Local Board Members are uncompensated volunteers who play an important community role closely connected with our Nation's defense. If a military draft becomes necessary, approximately 2,000 Local and Appeal Boards throughout America would decide which young men, who submit a claim, receive deferments, postponements or exemptions from military service, based on Federal guidelines.

Positions are available in many communities across the Nation. If you believe you meet the standards for Selective Service Board Membership, and wish to be considered for appointment please visit our web site at: http://www.sss.gov/fslocal.htm

Regarding the posting and subsequent removal of the notice, a spokesperson for the Selective Service System was quoted  as saying:

"This not even remotely resembles efforts to kick it up a notch," said Dan Amon, a public affairs specialist for the Selective Service System.

He said the Selective Service routinely sought applicants to fill 11,000 slots on local draft boards nationwide to be ready if the draft ever were reinstated. The terms on these voluntary boards are for 20 years, and many are now expiring, he said.

"We're just going through a cycle," he said. He said when the information was posted on the Defense Department Web site, it raised some alarms. "We're not even quite sure how it got there," he said.

"We're not even quite sure how it got there."  Right. 

More information on the Selective Service program can be seen in the Vancouver paper here.  This refers to two pieces of legislation, S 89 and HR 163, AKA the 'Universal National Service Act of 2003'.  Thomas.loc.gov lists the currents status of the legislation as follows:

Title: To provide for the common defense by requiring that all young persons in the United States, including women, perform a period of military service or a period of civilian service in furtherance of the national defense and homeland security, and for other purposes.
Sponsor: Rep Rangel, Charles B. [NY-15] (introduced 1/7/2003)      Cosponsors: 13
Related Bills: S.89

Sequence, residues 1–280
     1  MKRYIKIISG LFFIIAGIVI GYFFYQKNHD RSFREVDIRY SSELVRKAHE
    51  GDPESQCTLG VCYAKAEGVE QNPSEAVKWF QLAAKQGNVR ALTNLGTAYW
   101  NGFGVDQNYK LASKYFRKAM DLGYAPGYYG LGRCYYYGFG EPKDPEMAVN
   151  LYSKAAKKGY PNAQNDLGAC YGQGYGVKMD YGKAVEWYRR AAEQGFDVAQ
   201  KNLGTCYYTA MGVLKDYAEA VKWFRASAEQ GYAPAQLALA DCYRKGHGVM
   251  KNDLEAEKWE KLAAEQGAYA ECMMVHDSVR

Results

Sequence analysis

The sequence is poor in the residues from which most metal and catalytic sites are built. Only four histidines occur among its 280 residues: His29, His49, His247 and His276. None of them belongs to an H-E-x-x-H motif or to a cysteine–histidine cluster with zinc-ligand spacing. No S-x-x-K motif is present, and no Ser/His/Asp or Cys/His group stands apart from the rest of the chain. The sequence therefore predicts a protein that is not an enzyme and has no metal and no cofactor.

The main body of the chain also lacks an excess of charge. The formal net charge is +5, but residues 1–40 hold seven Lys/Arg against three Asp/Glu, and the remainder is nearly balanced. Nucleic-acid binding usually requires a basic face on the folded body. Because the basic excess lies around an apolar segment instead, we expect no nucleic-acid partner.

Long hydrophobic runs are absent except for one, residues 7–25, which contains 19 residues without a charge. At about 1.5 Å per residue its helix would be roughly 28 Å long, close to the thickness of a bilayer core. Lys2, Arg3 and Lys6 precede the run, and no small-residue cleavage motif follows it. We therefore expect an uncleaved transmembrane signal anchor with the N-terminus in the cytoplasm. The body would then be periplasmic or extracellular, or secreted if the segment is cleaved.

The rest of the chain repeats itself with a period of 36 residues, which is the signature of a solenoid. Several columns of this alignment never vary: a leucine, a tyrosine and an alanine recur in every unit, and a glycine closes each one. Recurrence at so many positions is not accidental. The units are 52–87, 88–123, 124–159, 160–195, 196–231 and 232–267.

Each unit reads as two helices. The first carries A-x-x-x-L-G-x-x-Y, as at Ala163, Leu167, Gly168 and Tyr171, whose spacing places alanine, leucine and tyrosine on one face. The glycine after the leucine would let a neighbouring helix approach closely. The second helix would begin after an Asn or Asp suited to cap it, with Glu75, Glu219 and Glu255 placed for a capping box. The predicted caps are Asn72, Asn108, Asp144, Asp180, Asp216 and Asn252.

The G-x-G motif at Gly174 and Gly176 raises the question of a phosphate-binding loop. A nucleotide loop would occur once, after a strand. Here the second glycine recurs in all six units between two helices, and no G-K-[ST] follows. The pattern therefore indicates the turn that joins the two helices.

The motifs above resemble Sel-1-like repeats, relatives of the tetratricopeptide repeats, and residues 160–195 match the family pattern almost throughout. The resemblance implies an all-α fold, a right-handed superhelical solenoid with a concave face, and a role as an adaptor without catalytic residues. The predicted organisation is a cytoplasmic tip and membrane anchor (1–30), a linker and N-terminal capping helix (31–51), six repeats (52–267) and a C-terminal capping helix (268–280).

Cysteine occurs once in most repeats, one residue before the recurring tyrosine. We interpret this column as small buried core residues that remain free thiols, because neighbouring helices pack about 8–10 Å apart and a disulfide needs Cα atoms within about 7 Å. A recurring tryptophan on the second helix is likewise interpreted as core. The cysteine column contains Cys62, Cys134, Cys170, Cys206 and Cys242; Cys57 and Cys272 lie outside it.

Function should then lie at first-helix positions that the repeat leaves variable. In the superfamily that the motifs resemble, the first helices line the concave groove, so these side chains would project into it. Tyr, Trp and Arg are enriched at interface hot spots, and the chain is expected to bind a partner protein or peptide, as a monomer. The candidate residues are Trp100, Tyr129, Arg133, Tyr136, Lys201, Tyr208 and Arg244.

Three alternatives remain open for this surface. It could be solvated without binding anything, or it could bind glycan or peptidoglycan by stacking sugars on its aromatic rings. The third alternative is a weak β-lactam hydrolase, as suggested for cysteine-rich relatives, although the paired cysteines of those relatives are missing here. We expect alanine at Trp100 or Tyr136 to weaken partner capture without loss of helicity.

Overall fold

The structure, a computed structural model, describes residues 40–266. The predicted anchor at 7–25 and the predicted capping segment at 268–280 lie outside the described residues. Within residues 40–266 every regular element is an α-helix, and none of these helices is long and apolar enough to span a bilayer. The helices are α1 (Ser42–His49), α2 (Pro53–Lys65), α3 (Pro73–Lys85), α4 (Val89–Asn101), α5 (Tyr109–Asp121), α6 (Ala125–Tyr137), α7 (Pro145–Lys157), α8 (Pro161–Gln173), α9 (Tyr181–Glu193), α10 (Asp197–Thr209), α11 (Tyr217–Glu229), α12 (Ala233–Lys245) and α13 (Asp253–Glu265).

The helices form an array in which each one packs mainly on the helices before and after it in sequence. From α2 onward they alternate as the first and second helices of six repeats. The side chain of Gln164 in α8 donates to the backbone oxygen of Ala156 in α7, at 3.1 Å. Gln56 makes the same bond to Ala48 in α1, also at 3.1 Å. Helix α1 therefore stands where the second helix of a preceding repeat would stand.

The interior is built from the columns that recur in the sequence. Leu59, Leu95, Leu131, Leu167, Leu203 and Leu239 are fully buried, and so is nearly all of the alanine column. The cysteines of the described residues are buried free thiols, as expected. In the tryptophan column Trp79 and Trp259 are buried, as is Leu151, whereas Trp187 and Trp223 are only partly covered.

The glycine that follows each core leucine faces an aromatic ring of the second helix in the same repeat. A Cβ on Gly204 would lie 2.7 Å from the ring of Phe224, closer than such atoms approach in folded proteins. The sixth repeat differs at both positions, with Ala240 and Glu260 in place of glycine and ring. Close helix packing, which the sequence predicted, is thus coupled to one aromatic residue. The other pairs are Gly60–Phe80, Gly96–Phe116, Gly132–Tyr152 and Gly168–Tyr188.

Latest Major Action: 2/3/2003 House committee/subcommittee actions. Status: Executive Comment Requested from DOD.

According to an article  on AlterNet.Org, the Selective Service's current plan calls for a final report to be submitted to the President on March 31, 2005.  If that happens, an actual draft lottery could be up and running by June 15,2005.  That happens to be a little over a month after my son's 18th birthday.  (In case you were wondering why I took the trouble to write this, which is a little off my usual subject matter.)

Blog commentary on this is universally negative, as far as I could tell.  Conservative blogs such as the Evangelical Outpost  and conservative sites such as CATO express concern that reinstating the draft could lower the quality of the military services.  Hear the CATO commentary here  (Realaudio link).  Francis has a website named BushDraft.com that includes a collection of links  about the draft.  Another  can be found at the Information Clearinghouse.  Lisa Bralts-Kelly at Handbasket? meet Hell expresses a negative opinion here.  Likewise, Tom at Livejournal/user/yesthattom  is opposed to the draft.  Kevin Brennan at Tilting at Windmills opines  that the notion of reinstating the draft is an urban legend.  This is based upon Rivka's post at Respectful of Otters.  She raises some good points that would seem to suggest that the draft is not coming back anytime soon.  She adds,

[...] it seems to me that we have enough to worry about with what Bush is actually doing. We can't afford to spare any outrage for things he's not doing."

This leaves us not knowing what the government is really up to.  Perhaps they do not know themselves what they are up to.  All this brings me back to where I started, which was the article called The Web Won't Topple Tyranny.  It may not topple tyranny, but it will sure help us keep track of what is going on.